R Collaborative Conference: tips to make the most of it

On the weekend April 18 -19 we had the second Chicago R Collaborative Conference, previously called Chicago R Unconference. The in-person meeting had to be canceled because of the pandemic situation so the organizers Angela Li, Emily Riederer and Will Bonnel made an incredible work moving the event online.

I certainly can’t do a better job than Jim Gruman on explaining what is this event and how it was structured and developed through the weekend; you should definitely take a look at his post about it. This was my first collaborative coding event so I think that the best contribution I can give is sharing some thoughts on how to make the most of this kind of event, specially if you are a newbie.

Before the event


Get familiar with the potencial projects

Even before the in-person event was cancelled the organizers created a slack community and a github repository for participants to introduce themselves and brainstorm possible projects, tutorials and discussion groups. This was a good opportunity to get to know each other and get familiar with the potential projects.

I felt a bit overwhelmed at first because until this event I’ve mainly used R for research, data analysis and teaching, and never really worked with the development side of the language. Two things that you should have in mind if it happens to you: first, there will probably be mentors or experienced programmers that will offer tutorials and more guided, supportive set of projects; second, you will always have something to give, independent of your experience level. Just free yourself from the impostor syndrome! We’ll be back to this point later.

If it’s your first collaborative event I suggest you to start with one project. There’s a lot going on these events: talks, tutorials, discussions, dozens of interesting projects. It’s easy to get lost; you’ll just feel like doing everything all at once. Deciding for at least one project and committing to a group in advance will give you some north. When you get a better idea of how the schedule will look like you can balance your time among all the activities you’ll want to participate. You won’t need to work only on this project for the whole conference; you can give your piece of contribution to this and move to another one. It’s totally up to you.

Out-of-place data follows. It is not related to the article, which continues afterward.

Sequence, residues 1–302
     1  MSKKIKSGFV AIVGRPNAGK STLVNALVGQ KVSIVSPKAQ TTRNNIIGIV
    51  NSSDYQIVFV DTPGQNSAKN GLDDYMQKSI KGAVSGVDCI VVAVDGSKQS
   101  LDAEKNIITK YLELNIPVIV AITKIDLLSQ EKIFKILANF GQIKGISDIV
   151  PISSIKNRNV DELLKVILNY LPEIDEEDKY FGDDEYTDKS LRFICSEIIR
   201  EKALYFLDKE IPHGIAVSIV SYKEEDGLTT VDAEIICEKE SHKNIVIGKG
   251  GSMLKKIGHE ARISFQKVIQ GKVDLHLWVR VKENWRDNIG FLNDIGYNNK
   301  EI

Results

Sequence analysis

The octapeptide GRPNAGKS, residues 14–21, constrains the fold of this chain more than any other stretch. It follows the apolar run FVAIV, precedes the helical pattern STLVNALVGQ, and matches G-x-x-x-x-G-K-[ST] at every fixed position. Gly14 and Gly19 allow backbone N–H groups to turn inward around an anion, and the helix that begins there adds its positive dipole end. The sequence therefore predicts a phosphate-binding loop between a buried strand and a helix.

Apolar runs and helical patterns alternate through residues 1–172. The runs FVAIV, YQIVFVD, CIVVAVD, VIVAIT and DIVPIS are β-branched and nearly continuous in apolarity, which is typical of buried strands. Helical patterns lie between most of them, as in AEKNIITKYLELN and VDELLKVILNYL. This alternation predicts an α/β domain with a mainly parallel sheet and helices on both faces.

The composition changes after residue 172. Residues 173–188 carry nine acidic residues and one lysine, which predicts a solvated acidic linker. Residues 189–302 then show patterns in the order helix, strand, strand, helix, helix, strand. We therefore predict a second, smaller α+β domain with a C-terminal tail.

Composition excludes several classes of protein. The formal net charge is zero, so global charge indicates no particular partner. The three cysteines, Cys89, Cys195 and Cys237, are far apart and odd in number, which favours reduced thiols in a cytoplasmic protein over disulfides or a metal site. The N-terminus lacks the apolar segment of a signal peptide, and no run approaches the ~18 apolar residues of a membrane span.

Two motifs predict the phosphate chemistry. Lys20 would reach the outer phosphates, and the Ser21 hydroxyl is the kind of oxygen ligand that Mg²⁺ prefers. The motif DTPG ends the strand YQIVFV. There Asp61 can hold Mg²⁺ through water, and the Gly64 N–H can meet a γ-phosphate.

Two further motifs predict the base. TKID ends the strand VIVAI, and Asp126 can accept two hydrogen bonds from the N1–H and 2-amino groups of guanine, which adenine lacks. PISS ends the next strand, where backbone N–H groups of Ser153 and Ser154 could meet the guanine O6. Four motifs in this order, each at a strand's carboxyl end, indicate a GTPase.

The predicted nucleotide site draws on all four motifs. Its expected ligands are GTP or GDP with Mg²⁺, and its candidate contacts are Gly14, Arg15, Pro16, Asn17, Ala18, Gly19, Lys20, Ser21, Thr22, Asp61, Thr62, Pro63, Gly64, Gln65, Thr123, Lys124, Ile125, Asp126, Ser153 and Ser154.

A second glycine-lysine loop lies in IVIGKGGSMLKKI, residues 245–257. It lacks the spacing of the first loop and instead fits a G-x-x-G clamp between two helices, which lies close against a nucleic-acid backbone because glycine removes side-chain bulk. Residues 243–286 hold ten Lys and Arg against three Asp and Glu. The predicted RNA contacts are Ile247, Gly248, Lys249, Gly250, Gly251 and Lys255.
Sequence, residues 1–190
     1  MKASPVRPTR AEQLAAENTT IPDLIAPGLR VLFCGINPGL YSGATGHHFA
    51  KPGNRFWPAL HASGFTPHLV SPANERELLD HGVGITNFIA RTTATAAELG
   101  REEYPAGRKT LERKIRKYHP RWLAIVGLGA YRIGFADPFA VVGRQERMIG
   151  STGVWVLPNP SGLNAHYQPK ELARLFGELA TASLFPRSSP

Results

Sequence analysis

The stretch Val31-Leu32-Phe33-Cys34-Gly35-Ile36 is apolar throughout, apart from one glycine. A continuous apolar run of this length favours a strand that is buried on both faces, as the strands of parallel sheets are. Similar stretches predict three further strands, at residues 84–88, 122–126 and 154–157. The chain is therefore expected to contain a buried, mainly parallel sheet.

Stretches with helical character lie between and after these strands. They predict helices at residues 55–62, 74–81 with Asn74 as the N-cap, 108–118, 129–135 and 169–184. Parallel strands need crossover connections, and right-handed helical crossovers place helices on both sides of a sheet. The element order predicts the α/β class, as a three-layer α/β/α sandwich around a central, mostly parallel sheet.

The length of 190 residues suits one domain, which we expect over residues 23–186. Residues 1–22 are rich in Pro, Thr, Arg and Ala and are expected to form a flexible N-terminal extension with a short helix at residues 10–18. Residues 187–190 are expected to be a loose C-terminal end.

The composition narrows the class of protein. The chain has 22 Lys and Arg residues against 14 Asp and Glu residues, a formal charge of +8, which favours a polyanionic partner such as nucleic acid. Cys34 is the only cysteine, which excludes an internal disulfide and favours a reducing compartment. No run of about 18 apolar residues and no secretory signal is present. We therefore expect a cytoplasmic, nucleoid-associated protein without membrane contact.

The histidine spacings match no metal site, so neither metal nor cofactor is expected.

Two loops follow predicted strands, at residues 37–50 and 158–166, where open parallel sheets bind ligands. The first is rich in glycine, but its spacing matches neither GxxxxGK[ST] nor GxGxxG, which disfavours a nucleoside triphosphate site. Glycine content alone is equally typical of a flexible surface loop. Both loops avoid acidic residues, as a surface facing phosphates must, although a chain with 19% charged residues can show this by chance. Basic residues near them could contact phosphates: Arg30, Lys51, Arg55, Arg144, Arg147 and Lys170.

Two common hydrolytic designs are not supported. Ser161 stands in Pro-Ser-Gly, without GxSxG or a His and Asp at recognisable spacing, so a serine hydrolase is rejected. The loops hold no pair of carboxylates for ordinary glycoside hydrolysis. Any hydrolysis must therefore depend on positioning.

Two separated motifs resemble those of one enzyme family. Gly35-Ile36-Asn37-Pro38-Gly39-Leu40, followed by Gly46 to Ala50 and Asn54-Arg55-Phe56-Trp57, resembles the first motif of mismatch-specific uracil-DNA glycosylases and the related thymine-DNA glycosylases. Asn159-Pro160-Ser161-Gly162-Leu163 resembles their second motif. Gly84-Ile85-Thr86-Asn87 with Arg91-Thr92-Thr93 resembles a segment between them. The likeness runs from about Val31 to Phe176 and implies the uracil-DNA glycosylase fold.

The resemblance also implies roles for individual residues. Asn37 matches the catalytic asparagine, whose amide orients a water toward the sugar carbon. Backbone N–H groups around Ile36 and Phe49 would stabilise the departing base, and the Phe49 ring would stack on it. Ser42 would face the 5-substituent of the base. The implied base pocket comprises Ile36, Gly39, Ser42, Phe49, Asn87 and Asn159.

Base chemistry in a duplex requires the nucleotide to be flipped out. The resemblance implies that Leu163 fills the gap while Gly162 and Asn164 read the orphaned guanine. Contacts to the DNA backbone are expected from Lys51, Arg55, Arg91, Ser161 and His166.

If you feel comfortable enough to work on more projects, go for it. It will depend on your experience with the language, but if it’s your first time on a collaborative event it’s better don’t push yourself too hard. Take your time to get used to format of the event; it can be really fast paced.

After deciding on which project you wanna work, share your interest with the owner of the project and/or the group. If it’s a work in progress take some time to familiarize yourself with what has been already done and think of ways to move it forward. It will give you a better idea of how you can collaborate.

Be sure you have git and GitHub up and running

The title is self-explanatory. I already had it on my machine and was pretty familiar with it. However, I was working through the shell and never took the time to see how to version control with RStudio. That was a good opportunity to learn it.

The week before the event the organizers sent us an email with instructions and additional resources to set up everything we would need for the it, including git and github. The book Happy Git and Github for the useR by Jennifer Bryan was really helpful. During the conference John Blischak and Mauro Lepore gave us an in-depth tutorial that helped me clarify some issues I still had.

During the event


Don’t forget to keep checking all the platforms

It was a remote event, so this suggestion makes all sense. The schedule was in a Google Sheet, announcements and group discussions were on Slack, we were working on projects on Github and the video talks and discussions were held on Zoom. You have to be really disciplined to keep an eye on all the platforms every once in a while and keep track of time.

At some point I was so absorbed on the project I was working on that I lost the time for a discussion group that I wanted to attend. This is probably not a problem on an in-person conference since you’ll probably have the organizers calling your attention for the schedule and doing live announcements all the time. In an online event you have to push yourself to keep track of everything that is going on.